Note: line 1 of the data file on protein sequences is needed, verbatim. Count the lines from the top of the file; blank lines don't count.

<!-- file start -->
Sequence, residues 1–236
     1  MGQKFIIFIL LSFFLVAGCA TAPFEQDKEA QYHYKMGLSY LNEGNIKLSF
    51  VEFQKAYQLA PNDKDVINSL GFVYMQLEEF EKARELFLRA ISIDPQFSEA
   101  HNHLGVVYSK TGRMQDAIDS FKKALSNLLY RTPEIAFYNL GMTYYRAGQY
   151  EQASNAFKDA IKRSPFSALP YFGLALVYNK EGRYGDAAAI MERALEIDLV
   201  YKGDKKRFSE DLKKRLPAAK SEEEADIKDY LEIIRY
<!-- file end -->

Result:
Sequence, residues 1–236